Filtered Water Or Not?

Filtered Water Or Not?

Summer is nearly upon us. Which means: Water! And quite like us, water makes up about 60% of your dogs total body mass. Which means: replenish or die . . . or at least feel less than adequate. As a general rule, your dog should be consuming about one ounce of water per pound of body weight every day. So if your pet weighs in at 50 pounds, they should be drinking about 50 ounces a day – filtered or unfiltered. Your choice!

Are you wondering whether filtered or unfiltered is best? Or if there is even a difference! The quick answer is, No: there really isn’t a difference between filtered and unfiltered water. Unfiltered tap water from the faucet may contain chlorine for purity, along with trace minerals found naturally. To get rid of the chlorine, fill up a pitcher and place in the refrigerator for about a half hour. That’s it! Unless there is an issue with the quality of the pipes in your residence, tap water straight from the faucet is perfectly safe. If you do know of any plumbing issues (or are suspicious) – such as old, rusty pipes or lead – by all means either install an easy to assemble water purifier straight onto the faucet or use bottled water, instead.

But how do you know if the bottled water you buy in the store is not simply from the municipal water supply? Check the label. Manufacturers can only claim “spring water” if it has been verified to be from an actual spring. Otherwise, the bottle will read things like “purified” or “distilled” and most likely filtered from a municipal water source in another state.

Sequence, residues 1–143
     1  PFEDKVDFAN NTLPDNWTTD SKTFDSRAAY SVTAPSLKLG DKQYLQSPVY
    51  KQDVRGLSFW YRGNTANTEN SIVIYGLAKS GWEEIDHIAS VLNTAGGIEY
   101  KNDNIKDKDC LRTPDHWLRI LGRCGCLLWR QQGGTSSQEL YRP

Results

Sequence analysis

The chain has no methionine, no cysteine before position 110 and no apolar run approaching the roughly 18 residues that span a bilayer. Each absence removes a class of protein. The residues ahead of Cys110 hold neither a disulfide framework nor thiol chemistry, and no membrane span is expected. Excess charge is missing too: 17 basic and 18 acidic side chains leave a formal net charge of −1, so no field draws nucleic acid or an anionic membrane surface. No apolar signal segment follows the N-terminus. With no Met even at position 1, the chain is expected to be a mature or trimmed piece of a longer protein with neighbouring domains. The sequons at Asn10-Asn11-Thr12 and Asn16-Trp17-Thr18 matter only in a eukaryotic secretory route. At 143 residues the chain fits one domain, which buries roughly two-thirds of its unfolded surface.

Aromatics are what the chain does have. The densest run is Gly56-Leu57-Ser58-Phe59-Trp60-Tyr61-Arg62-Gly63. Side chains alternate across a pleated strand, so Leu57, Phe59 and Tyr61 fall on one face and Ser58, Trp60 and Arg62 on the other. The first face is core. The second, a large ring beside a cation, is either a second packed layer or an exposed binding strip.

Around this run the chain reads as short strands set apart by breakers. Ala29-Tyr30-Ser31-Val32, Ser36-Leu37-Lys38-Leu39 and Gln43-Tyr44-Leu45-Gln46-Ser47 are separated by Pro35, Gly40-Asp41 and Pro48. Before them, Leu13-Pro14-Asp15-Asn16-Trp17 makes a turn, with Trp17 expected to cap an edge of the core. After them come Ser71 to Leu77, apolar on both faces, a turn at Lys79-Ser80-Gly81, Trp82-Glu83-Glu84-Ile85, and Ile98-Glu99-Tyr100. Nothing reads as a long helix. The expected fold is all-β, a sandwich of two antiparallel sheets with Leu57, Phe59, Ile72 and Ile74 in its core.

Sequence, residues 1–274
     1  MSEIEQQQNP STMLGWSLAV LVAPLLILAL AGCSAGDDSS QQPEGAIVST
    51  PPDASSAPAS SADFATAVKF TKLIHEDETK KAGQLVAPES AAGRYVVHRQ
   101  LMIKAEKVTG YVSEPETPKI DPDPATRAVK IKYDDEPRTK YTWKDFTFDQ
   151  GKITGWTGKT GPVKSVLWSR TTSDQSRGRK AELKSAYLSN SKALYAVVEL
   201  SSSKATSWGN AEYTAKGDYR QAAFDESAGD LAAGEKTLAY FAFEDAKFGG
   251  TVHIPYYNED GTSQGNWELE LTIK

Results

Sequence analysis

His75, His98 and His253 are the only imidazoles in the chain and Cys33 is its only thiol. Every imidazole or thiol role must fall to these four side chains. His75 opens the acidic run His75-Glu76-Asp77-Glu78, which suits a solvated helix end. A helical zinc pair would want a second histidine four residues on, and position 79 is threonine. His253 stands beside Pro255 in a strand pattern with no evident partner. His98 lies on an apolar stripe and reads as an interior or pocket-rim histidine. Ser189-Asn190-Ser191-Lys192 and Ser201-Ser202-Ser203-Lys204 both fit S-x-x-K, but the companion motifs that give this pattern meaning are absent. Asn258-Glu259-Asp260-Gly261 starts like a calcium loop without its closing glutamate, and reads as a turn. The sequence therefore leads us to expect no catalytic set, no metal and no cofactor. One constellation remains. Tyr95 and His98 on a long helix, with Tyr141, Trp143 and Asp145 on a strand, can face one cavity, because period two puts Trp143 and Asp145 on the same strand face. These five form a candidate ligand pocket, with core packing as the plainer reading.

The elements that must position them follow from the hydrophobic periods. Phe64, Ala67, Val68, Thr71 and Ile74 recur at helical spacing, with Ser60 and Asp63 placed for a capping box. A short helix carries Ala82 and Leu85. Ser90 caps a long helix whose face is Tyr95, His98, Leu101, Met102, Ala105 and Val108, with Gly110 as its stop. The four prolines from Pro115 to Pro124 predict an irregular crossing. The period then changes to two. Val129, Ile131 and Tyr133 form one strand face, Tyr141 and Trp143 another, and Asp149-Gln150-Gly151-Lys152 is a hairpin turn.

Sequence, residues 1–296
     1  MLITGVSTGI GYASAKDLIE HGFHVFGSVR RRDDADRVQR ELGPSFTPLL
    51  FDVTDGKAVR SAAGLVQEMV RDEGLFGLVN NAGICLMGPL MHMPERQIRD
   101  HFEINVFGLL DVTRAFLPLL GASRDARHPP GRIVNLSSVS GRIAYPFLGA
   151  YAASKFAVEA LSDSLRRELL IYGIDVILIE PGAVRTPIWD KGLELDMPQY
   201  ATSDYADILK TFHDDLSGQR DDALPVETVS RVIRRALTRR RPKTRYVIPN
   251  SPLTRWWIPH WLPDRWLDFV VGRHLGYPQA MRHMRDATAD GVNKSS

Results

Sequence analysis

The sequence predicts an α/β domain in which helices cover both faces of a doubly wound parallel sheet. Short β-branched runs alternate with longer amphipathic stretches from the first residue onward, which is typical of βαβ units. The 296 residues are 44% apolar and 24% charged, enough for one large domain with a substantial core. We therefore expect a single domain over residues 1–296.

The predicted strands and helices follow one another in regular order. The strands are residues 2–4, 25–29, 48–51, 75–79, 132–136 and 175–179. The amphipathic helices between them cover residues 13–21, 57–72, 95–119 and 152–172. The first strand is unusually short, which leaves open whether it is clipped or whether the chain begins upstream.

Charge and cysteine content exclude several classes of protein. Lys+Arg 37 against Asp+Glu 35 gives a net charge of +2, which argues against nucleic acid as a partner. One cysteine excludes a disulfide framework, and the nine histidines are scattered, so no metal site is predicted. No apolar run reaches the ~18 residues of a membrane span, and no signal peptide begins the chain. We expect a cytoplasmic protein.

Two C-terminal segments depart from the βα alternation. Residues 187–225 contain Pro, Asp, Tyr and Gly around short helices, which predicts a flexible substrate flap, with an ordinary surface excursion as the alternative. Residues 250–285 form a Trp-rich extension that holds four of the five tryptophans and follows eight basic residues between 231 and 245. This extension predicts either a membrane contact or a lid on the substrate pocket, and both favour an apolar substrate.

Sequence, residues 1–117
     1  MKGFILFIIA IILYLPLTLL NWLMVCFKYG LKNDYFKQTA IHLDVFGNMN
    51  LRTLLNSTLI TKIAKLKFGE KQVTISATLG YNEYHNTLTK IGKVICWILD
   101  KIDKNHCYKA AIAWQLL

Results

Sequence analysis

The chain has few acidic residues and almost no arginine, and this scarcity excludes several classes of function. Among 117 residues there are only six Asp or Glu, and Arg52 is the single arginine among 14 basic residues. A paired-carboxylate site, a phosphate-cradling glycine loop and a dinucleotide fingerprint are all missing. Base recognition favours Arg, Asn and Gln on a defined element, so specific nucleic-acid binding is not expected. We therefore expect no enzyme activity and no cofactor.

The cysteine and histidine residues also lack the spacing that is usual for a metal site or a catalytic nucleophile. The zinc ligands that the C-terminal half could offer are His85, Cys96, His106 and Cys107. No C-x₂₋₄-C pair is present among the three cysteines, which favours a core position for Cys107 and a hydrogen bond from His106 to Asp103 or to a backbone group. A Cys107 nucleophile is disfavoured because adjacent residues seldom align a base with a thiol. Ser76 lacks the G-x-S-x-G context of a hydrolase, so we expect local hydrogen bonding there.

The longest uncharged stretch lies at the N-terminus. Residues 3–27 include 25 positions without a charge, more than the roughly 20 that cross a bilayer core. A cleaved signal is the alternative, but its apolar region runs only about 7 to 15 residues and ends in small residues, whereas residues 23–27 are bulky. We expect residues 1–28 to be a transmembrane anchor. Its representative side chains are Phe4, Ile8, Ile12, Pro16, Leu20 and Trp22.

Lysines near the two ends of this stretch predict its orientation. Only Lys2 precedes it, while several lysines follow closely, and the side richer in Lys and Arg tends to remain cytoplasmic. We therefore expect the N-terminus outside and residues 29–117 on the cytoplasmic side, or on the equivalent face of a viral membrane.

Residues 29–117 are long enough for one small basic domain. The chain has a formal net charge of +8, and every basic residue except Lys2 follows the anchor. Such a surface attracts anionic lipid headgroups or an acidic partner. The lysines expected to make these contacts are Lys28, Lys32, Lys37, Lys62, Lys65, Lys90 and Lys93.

The only real difference in water sources, however, is taste. All the same, do not allow your dog to drink from puddles, lakes, ponds, streams, or communal water bowls at dog parks due to the possible contraction of harmful viruses, bacteria, and parasites like Giardia (softened water is also not recommended due to the salts used to soften the water). Always carry a fresh water supply of your own and remember that during hot weather your dog will drink almost three times the amount of water they would normally consume.

A well hydrated dog in the summer is a happy, healthy, active dog. Someone you would definitely want to be around to enjoy the best season of the year. Have fun!

Article Source: Pet MD (www.petmd.com)

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